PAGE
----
Crashing Down by Kate McCaffrey (Fremantle Press)
PB RRP $19.99
Reviewed by Neridah McMullin
Crashing Down is an engaging, insightful and realistic read for teenagers and adults alike.
This story is fast paced and fun and McCaffrey uses common turns of phrase that are engaging and accessible to today’s teenagers. Her writing voice and narrative is strong and genuine and written in an Australian cultural context that we would all understand.
Lucy is in Year 12 and under pressure to succeed. The last thing she needs is an intense boyfriend. So Lucy innocently breaks up with Carl at the school dance. She admits it wasn’t great timing with exams coming up, but it felt like the only way to keep her dreams on track.
Things haven’t been great with her and Carl for a while now and she knows this is the right thing to do. She feels completely smothered by him and his expectations of the future are so very different to her own. All he can talk about is living locally, with no plans of university, settling down and having kids.
Unfortunately some good decisions can have bad consequences.
Carl leaves the dance angry and hurt and stoned. Driving recklessly, he crashes his car, badly smashing up not only himself but also his best mate JD.
After coming out of his coma, Carl is a changed man. As a result of his brain injury, he’s angry and paranoid and acting completely irrationally. And he can’t remember breaking up with Lucy. She doesn’t want to hurt him so she keeps up the pretense.
Everyone is extremely upset and then McCaffrey throws in a curve ball that will send you into a spin: Lucy is pregnant. She tells Carl she doesn’t want to keep it and he has a brain aneurism! His parents then slap an ‘injunction order’ on Lucy to stop her from having the baby aborted.
Wow, this story has got it all. It’s fast past with a winding plot and complex characters. Even so it raises some valid questions about how these situations could be handled.
Crashing Down is written in a distinctive and engaging style and is thoroughly recommended to Young Adult readers.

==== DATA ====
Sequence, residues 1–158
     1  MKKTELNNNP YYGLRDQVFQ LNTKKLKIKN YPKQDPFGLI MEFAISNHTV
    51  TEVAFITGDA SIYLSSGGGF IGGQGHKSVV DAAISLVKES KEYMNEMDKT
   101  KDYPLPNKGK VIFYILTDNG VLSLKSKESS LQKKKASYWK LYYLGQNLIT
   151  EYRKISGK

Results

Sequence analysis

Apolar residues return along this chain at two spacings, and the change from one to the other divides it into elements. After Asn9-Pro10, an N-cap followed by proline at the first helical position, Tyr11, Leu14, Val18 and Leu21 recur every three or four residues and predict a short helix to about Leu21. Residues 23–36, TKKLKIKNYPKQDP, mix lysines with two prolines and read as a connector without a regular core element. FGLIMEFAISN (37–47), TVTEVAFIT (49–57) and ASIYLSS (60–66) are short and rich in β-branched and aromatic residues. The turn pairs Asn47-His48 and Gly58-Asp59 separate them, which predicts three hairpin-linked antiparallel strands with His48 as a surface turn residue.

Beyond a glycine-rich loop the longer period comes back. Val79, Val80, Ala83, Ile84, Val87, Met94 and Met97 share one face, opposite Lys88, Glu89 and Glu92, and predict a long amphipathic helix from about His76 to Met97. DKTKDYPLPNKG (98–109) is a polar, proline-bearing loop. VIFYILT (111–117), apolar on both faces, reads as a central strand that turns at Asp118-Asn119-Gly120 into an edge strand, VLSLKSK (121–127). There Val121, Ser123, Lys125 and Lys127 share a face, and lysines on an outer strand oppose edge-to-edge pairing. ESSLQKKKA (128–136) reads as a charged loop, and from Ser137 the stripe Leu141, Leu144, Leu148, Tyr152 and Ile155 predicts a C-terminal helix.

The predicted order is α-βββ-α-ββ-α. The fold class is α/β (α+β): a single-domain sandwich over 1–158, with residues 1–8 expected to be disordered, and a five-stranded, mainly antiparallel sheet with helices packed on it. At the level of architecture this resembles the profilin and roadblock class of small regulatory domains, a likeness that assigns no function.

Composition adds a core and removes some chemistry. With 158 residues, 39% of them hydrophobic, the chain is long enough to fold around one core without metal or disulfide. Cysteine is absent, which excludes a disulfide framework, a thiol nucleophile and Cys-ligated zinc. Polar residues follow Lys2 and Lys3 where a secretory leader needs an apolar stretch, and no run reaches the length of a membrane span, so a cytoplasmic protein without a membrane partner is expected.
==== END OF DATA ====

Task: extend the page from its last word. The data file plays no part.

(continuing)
This is Kate McCaffrey’s second novel and now I’m going to track down her first book to read!
Neridah McMullin is the author of five books for children. Her next book is an Indigenous folklore story called ‘Kick it to Me’. It’s an ‘aussie rules’ story that’s being endorsed by the Australian Football League. Neridah loves family, footy and doing yoga with her cat Carlos (who also happens to love footy!).
My apologies for the wait between publications, but since Beautiful Monster was released in 2010, a lot of things got in the way- namely life! My dad died and that changed all the dynamics! Since then my family has made huge adjustments- moving houses, changing jobs, and all that fun stuff- but even though I wasn’t publishing- I was still writing. Now, the final proofs are in, the novel is at the printers- review copies are out. And so I’d like to announce to the world the birth of my fourth paperback baby… Crashing Down!
Lucy is in Year 12 and under pressure to succeed. The last thing she needs now is an intense boyfriend. Breaking up with Carl feels like the only way to keep her dreams on track.
But good decisions can have bad consequences.
And leaving Carl is going to be a whole lot harder than Lucy could ever have imagined.
The WordPress.com stats helper monkeys prepared a 2012 annual report for this blog.
Here’s an excerpt:
4,329 films were submitted to the 2012 Cannes Film Festival. This blog had 13,000 views in 2012. If each view were a film, this blog would power 3 Film Festivals